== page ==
By Tim Bonfield
The Cincinnati Enquirer
Plans for a $60 million doctor-owned heart hospital have been delayed indefinitely, organizers say. They were considering sites in Norwood and Sharonville.
The future of the facility was placed in doubt when Congress passed a Medicare prescription drug bill in November. Along with help for seniors, the bill included an 18-month moratorium on doctors referring patients to hospitals they co-own.
The heart hospital was proposed earlier this year as a joint venture between the Ohio Heart Health Center - the area's biggest cardiac doctor group - and Deaconess Associations - the parent of Deaconess Hospital.
"It really is a matter of stepping back and saying, what can we do?" said Mark McDonald, chief operating officer for Ohio Heart.
The idea, according to chief proponent Dr. Dean Kereiakes, was to build a "center of excellence" for heart treatment and research by 2005 that would counter the proliferation of smaller, less sophisticated heart centers in Cincinnati's suburbs.
The proposal has been heavily criticized by executives of non-profit hospitals as unnecessary and potentially harmful to their organizations.
It also had raised questions about which doctors would be doing most of the work at the recently opened $77 million cardiac wing at Christ Hospital.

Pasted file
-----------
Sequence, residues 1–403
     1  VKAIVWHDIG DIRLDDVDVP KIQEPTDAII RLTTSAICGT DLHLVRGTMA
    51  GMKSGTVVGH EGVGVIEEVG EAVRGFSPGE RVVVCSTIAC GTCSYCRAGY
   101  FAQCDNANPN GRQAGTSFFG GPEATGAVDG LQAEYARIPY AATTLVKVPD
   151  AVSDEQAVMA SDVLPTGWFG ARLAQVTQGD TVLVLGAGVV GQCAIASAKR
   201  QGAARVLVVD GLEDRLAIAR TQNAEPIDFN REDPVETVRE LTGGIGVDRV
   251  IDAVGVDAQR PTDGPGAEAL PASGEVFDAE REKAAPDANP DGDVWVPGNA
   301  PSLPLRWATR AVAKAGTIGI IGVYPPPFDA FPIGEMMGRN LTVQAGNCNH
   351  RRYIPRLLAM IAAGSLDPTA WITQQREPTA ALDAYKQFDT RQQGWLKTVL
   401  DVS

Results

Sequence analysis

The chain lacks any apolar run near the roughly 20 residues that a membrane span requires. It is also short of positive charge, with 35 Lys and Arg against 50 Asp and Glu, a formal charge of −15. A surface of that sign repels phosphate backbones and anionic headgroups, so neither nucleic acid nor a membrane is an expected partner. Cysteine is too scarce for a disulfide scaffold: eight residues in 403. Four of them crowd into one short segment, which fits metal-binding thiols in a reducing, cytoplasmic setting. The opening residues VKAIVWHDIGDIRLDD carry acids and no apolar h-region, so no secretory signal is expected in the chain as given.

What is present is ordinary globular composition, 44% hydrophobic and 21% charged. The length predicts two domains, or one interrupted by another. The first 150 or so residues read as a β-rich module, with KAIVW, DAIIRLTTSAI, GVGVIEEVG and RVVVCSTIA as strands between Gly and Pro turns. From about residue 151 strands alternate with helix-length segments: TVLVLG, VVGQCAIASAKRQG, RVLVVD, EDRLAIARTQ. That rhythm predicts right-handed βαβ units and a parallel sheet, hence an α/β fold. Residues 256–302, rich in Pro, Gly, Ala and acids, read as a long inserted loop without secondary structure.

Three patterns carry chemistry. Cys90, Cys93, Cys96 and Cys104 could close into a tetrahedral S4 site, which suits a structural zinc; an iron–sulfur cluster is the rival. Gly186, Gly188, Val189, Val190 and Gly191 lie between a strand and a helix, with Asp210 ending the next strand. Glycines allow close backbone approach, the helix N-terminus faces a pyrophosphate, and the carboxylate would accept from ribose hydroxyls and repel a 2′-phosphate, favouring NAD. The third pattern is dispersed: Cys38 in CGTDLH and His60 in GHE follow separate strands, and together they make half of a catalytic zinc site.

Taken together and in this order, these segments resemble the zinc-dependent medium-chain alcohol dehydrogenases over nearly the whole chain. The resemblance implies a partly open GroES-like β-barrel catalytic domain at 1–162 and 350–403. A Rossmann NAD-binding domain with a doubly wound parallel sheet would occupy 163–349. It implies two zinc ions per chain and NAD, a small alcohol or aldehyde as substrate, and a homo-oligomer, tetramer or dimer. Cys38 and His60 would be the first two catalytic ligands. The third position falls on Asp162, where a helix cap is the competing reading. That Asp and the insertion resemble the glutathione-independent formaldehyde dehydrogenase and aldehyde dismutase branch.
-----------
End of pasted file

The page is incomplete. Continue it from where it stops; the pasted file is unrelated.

The moratorium - which calls for studying how for-profit, doctor-owned hospitals have affected other community hospitals and physician referral patterns - has raised doubts among potential lenders, doctor-investors and others, McDonald said.
The bill creating the moratorium did exempt ventures that were already under development. But it is not clear if the Ohio Heart proposal would qualify.
It could take six months just to resolve the exemption issue.
Even then, nobody is sure what kinds of regulations Congress might pass after the moratorium ends, McDonald said.
Now, some talks have resumed between the Ohio Heart doctors, the Health Alliance of Greater Cincinnati, TriHealth and others to determine whether a new heart center can or should be built under a different ownership structure.
It is too early to say what sort of structure, which organizations, or what sort of facility might be involved.
The key goal for the Ohio Heart group: much more physician control over the way services are provided.
"It has never been about owning a hospital. It has always been about meaningful physician governance," McDonald said.
Among those left watching the proceedings: city officials of Norwood and Sharonville.
Both governments have approved tax incentives and other perks to build the heart hospital in their communities.
In Sharonville, a $2.7 million grant requires the project to break ground in 2004. But that deadline probably could be extended, said Ted Mack, director of building, planning and economic development.
In Norwood, a site plan approved in October is good for a year and could be extended for another year by the city's planning commission. There was no hard deadline on tax breaks recently approved by city council, said Rick Dettmer, development director.
"We're trying to keep our options open and accommodate their schedule," Dettmer said.
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